There are only five designated PUC workers to service the 12,500 fire hydrants across the city. Though the PUC says it can pull additional plumbers from other areas if needed.
The PUC says while it aims to fix the leaking hydrants within a couple of days sometimes more parts or additional work is needed. Leaking hydrants can still be used to fight a fire, so they do not pose a safety hazard. But some business owners say the delayed repairs are unfair during a time they're being asked to conserve water.
Most of the city's leaking hydrants are reported to the PUC by individuals who call 311. Previously, the San Francisco Fire Department maintained the hydrants, but the PUC took over the job in 2010. The agency maintains a system whereby the leaks reported are entered into a database along with the date they are reported and the corresponding address of the leak. Once repaired, the work order is closed out.
When 2 Investigates requested documents from the PUC for out of service hydrants over the last year, the PUC provided a document that included hydrant leaks. Per the PUC's own records, it appeared close to sixty leaking hydrants had never been repaired while others took hundreds of days to fix. When KTVU asked the PUC why, Assistant General Manager Steve Ritchie said the PUC's record keeping was inaccurate because it did not include the correct dates for when the repairs were completed.
"What we've got in here is the fact of handling work orders which is the paperwork. Everyone always takes care of the paperwork last," said Ritchie.
Ritchie said the PUC's track record of repairs was actually much better than what the records initially showed.
"In terms of being on top of the system, I have full confidence in our crews and our professionals that take care of this," said Ritchie.
Hydrants still dripping
The PUC provided KTVU with a new document that included corrected repair dates, but when KTVU joined the PUC on a ride along, 2 Investigates discovered several hydrants still leaking, including some that were reportedly fixed.
KTVU's first stop with the PUC was for a repair at Somerset and Bacon. The hydrant at was still leaking six months after its initial report date in PUC records. The agency said it was "possibly missed."
The same records indicated that a hydrant at 7th and Market Streets was fixed one day after it was reported, but while along with PUC workers, KTVU cameras still detected a small drip. There was a much bigger drip at Division and Brannan where a hydrant was marked as fixed two days after it was reported, but two months later, KTVU discovered it still was leaking in two places.
"Either it was mis-entered or the leak repair didn't take effect or again a new leak has occurred," said Ritchie.
Ritchie told KTVU it's not uncommon for a repair not to take effect or for a new leak to occur on a hydrant that has already been repaired. He said it is part of working with a system with lots of parts that are constantly in need of maintenance. Despite having only five employees to service thousands of hydrants, the PUC says that's not the main reason some repairs take months while others are missed.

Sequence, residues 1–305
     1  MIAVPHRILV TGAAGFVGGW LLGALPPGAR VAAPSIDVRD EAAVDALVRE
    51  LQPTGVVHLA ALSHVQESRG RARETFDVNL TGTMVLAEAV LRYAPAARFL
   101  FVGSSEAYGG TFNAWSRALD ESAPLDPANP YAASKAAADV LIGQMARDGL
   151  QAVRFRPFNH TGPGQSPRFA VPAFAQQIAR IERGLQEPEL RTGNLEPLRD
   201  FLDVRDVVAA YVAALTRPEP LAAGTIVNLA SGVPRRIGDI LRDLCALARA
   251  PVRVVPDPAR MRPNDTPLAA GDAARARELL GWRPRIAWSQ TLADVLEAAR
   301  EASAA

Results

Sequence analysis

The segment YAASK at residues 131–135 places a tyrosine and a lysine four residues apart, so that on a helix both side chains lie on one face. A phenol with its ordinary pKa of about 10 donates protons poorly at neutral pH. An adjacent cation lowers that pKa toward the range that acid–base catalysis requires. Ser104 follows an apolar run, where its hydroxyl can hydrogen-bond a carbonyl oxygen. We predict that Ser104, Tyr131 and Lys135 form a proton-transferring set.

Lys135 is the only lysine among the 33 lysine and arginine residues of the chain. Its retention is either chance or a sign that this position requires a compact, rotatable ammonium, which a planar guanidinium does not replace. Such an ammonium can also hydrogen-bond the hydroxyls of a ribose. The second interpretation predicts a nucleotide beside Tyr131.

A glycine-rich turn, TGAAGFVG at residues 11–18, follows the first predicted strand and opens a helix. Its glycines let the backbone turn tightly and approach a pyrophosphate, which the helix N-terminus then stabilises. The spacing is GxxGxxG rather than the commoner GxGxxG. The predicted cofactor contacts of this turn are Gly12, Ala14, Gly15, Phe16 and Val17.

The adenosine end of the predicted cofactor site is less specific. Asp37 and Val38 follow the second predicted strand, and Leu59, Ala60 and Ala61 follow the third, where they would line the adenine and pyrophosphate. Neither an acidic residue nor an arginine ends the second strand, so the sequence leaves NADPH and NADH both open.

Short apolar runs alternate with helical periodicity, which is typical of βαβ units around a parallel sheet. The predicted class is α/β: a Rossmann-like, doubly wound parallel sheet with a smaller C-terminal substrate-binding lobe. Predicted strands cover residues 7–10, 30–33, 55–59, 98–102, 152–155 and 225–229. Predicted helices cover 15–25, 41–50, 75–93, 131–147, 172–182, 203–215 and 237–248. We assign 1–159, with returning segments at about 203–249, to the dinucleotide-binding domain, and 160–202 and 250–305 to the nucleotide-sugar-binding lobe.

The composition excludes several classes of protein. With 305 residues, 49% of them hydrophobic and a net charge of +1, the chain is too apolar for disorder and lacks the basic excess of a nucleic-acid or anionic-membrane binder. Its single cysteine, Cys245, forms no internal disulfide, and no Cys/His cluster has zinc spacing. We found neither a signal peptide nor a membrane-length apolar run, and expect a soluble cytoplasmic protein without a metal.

"I wouldn't attribute that to being too few employees because we actually do a good job of prioritizing," said Ritchie.
Ritchie says sometimes more parts are needed. Or in the case of the hydrant at Division and Brannan, he explained, the area will require additional street work.
PUC calls water loss "insignificant"
The delays are a source of frustration for some San Francisco business owners who have been asked to cut back on water usage. At Martha and Brothers coffee shop in San Francisco, there's no coffee without water. This year more than ever owner Jaime Guerrero worked to save as much water as he could.
"Putting traps in the faucets; not washing our sidewalk," said Guerrero.
But while he was conserving water daily, the PUC took nearly two months to repair a leaking hydrant outside his business.
"They don't come and take care of it but they're urging us and our water rates have gone way up. To see water being wasted while we're paying high bills, yeah, that would get under my nerves," said Guerrero.
But the PUC says the water loss from dripping hydrants is a drop in the bucket compared to the total water supplied to the entire city.
"I would say in terms of volume it is insignificant," said Ritchie.
So, KTVU measured both leaks from the leaking hydrant at Division and Brannan over 30 minutes. The leaks totaled one and a half cups of water. Over the two months the hydrant has been leaking, that's approximately 252 gallons of water lost.
That amount of water is an insignificant percentage of the water delivered to San Francisco, according to Ritchie, but it's much more significant to business owners and residents asked to conserve.
For Guerrero, 252 gallons of water is equivalent to more than 4,000 cups of coffee. "Infuriates you," said Guerrero.
As for the hydrant outside his coffee shop, the PUC says it's not sure why it took 49 days to fix.
"For his case I'd actually apologize to him say that I'd like us to do better," said Ritchie.
Ritchie says despite the leaking hydrants, the PUC has cut back on its water usage in other ways by 25 percent.
If you see a hydrant leaking in your neighborhood, you can report it to the PUC by calling 311.